Abstract Can the mass killings in Indonesia after the ‘events’ on October 1, 1965 be qualified as genocide? The 2012 report of the National Human Rights Commission (Komnas HAM) did not include genocide among the grave human rights violations it had found overwhelming evidence for. The perpetrators of these mass murders have never been tried and the successive Indonesian governments have never dealt with these atrocities. Against this background a group of victims, activists and researchers organized the International People's Tribunal on the 1965 mass crimes against humanity in Indonesia after October 1 1965. (IPT 1965). The hearings were held in November 2015, and the final report of the judges was presented in July 2016. In this paper I present the arguments put forward in the research report on why the massacres of that period can be included as one of the genocides in the 20th century. The massacres in Indonesia recently received wide international attention in Oppenheimer’s gripping films“ The Act of Killing” and “The look of Silence” (Oppenheimer, 2012 and 2014). The new presidency of Joko Widodo brought hopes that the Indonesian government would deal seriously with its history of mass human rights violations. But those hopes have evaporated. International pressure thus is important. After the final report of the Panel of Judges the IPT 1965 submitted a report to the UPR of the ICCPR, first half of 2017. The paper will conclude with a discussion on what further steps might be taken internationally.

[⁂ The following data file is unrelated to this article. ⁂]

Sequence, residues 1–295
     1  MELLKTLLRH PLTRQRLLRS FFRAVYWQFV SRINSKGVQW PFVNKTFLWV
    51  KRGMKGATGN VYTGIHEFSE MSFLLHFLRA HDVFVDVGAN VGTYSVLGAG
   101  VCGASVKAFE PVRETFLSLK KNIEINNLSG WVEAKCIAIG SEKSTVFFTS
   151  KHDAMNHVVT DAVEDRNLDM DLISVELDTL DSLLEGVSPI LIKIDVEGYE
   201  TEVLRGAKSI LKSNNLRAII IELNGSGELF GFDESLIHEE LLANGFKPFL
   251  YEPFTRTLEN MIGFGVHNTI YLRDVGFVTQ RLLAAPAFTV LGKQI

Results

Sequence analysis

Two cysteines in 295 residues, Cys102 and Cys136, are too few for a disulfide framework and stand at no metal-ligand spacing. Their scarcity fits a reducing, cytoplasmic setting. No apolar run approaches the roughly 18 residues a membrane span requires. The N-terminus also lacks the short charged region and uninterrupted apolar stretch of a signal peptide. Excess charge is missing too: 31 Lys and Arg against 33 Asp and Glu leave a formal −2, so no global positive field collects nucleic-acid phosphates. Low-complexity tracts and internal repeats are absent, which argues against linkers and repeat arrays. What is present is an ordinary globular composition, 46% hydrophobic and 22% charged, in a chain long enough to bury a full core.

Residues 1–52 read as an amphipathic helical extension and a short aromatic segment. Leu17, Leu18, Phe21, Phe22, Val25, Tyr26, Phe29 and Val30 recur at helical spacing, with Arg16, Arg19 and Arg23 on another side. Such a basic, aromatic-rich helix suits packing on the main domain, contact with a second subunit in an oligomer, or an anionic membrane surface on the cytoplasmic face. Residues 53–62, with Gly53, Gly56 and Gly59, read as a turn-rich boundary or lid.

Biography Prof Dr Saskia E. Wieringa, Professor emerita at the University of Amsterdam, has been researching Indonesian history for over 35 years. Her thesis was on the history of the women’s movement in Indonesia and included an analysis of the propaganda campaign against Gerwani, the Communist women’s organization that was destroyed after October 1965. Since then she wrote a novel on the topic (Crocodile Hole) and collaborated in a film project (The Women and the Generals). In 2014 she co-founded the Indonesian People’s Tribunal 1965, which she has chaired since then. Presently she is working on a number of book projects on the Indonesian genocide. She has published over 30 books and hundreds of articles on topics such as women’s same-sex relations, gender relations and women’s movements.